One of the questions I ask the most when arriving at a new church is “why?” Why can be very informative because it helps me understand what each church does for special services, but it also gets to the root of why we do the things we do. What our traditions are and what they mean to us. 
Jesus skips right past the why question with the religious leaders, but I think the intent is the same. He wants them to think through why they have so many traditions around washing and cleanliness. But he also wants to point out a much deeper heart issue in their life - they have made the tradition as important as the Scripture. They focused so much on the rules around how to do something, they had forgotten the why.
This scripture passage is found right between two massive feeding events that happen in the Gospel of Mark - on the one side the feeding of the 5,000 and on the other the feeding of the 4,000. As we saw last week who you ate with really mattered in ancient culture, and we can assume that the religious leaders aren’t happy. So they are trying to catch the disciples slipping up so they can start to get the disciples (and Jesus) to act the way they want them to act. But Jesus sees right through that and calls they hypocrites - actors or pretenders, those who are going through the motions but have forgotten the intention.
Let’s be honest, most traditions grow out of good intentions. It’s a human expression of an important value. But we cannot let our human traditions become more important to us then God! Sometimes our social customs become barriers to God’s intentions and then we have a real problem. In the Church world I call this the issue of “we’ve always done it that way.” Powerful words that we sometimes use as a barrier when God is calling us to do something new or we don’t particularly want to live into the Word of God. It becomes a lot easier to fall back on tradition then to ask the hard questions about why we have the tradition in the first place and if our tradition still honors God the best way we know how.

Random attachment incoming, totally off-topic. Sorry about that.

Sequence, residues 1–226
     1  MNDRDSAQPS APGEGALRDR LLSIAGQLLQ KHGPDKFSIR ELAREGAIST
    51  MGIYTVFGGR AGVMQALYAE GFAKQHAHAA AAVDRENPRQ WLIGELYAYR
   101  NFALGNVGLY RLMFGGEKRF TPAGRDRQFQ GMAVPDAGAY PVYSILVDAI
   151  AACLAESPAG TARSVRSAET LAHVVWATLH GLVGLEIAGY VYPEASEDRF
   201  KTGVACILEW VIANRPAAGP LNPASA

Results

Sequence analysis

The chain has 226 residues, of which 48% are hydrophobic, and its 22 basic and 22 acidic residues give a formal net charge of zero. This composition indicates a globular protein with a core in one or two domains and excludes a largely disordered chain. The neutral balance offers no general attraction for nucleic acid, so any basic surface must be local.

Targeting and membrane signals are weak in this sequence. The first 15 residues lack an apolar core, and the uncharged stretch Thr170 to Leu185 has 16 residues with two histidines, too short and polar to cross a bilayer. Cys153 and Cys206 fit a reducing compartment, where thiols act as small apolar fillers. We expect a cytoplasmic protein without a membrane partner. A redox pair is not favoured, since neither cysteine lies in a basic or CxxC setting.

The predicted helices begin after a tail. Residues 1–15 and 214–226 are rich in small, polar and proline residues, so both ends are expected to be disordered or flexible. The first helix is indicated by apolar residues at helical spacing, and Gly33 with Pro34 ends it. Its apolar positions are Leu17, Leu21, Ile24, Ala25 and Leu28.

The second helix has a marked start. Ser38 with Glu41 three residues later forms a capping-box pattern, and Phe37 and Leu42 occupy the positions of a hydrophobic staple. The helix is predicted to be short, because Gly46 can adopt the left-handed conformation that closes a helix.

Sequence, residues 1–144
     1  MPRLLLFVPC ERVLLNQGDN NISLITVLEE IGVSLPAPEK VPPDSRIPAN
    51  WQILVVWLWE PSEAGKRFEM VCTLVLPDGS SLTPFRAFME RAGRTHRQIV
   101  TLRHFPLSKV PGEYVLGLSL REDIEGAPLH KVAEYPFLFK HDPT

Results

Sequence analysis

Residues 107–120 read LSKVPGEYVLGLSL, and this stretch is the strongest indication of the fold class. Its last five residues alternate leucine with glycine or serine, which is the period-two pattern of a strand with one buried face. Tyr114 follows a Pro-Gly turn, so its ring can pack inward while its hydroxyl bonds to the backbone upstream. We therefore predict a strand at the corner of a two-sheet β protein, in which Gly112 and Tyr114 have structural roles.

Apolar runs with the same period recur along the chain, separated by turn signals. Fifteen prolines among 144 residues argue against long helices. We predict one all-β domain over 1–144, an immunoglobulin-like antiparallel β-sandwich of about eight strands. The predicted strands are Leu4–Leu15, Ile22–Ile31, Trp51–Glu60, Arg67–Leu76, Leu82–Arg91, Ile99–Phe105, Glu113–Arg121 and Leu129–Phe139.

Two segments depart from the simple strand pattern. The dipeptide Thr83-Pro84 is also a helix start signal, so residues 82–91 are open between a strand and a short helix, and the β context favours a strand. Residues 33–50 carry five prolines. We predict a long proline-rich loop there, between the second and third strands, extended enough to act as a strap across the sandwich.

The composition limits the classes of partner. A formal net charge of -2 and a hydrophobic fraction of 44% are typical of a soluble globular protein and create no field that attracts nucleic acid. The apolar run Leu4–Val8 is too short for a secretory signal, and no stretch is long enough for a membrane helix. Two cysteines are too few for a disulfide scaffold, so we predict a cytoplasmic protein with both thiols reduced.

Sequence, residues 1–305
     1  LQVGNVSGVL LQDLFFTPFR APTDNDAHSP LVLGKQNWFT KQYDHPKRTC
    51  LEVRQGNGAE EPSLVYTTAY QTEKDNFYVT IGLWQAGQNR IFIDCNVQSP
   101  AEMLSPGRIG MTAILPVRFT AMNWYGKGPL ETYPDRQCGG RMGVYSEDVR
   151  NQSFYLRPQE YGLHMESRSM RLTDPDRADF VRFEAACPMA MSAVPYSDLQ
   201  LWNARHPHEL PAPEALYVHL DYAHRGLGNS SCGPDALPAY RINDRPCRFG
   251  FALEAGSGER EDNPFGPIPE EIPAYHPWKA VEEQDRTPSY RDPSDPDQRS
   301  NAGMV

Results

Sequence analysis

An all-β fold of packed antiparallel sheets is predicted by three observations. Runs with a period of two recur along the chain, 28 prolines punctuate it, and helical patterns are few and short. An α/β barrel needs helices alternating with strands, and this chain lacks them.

Jesus is taking this idea of clean and unclean and uses to it to teach those around him that it isn’t what’s outside that can make us unclean so much as what is inside - our heart and our intentions. He is essentially asking is your heart more focused on keeping the status quo or honoring God, because sometimes you can’t do both. 
Brothers and sisters the same question can be asked of us - are we more focused on not changing and keeping our traditions or honoring God? Sometimes there are wonderful moments when we can do both, but sometimes God is calling us to set our traditions aside in order to live into the mission of the Kingdom of God in our current context. Is the intention of our heart to truly follow God wherever God is leading? Or are we so caught up in the way that we do things, that we are missing the very presence of God?
Hear me out, friends, traditions can be good things. But when we pour more time and energy into keeping our traditions then spreading the Word of God we are missing the point. When more of our resources go into maintaining the way we like things then listening to to the voice of God, we miss the point. When it is more about the way we’ve always done things then honoring God, right here and now, we are missing the point. Let us be known as the church the follows the Spirit and listens to God’s promptings. Let us be known, above, all as people who honor God.